AcneNet Answers

For my daughter's sake, can severe acne be prevented?

"My 12-year-old daughter is beginning to get blackheads, whiteheads and pus-filled pimples. As a teenager and young woman, I had severe acne and was treated twice with isotretinoin. I was a virtual recluse because of my appearance until I was in my early 20s. Iím 40 now, and I havenít had an acne outbreak for five years, but I have many acne scars on my face. Iím afraid my daughter is beginning to develop acne, and I donít want her to experience the emotional pain and isolation I went through. What should I be doing for her?"

A 12-year-old whose mother had severe acne is at high risk for developing severe acne. Your daughter should be seen by a dermatologist who can develop a planned approach to long-term observation and treatment. It is important to know that while there is no way to "turn off" an inherited predisposition to severe acne, a long-term treatment plan can control the acne.

Any child who has a parent or sibling (brother or sister) who has (or had) severe acne is at high risk for developing severe acne. The role of genetics in acne becomes less clear-cut after one gets beyond the immediate family. However, there do seem to be families in which patterns of acne are apparentótypes of acne, severity, age at which acne develops, etc. A more generalized genetic influence is suggested by the slightly higher incidence of acne in Americans of European descent than in those of African or Asian descent.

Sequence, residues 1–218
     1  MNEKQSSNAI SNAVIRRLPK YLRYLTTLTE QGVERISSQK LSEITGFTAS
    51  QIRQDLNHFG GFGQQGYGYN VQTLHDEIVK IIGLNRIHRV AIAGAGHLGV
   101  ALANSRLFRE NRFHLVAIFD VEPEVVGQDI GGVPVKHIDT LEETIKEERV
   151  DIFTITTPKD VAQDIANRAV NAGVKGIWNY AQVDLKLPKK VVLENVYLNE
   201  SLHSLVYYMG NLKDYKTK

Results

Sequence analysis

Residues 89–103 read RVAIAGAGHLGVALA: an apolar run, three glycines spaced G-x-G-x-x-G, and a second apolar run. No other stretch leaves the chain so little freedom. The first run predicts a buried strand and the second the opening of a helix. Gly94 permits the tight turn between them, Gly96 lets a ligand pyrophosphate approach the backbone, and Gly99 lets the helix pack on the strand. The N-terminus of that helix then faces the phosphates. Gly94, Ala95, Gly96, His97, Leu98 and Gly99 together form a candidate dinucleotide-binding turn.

As work on the human genome progresses, it is possible that the genetics of acne will eventually be better understood. Until that time, dermatologists can use what they know about genetic influences to help people at high risk for severe acne.


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